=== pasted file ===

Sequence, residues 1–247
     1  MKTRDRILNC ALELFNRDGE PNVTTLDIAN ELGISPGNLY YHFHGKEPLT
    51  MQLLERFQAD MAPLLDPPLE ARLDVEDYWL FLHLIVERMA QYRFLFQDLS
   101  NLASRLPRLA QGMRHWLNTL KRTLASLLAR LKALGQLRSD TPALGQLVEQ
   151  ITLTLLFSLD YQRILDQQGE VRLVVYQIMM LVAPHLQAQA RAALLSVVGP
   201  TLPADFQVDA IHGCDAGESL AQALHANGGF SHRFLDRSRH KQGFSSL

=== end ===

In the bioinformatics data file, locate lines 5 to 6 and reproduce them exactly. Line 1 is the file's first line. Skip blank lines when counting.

   151  ITLTLLFSLD YQRILDQQGE VRLVVYQIMM LVAPHLQAQA RAALLSVVGP
   201  TLPADFQVDA IHGCDAGESL AQALHANGGF SHRFLDRSRH KQGFSSL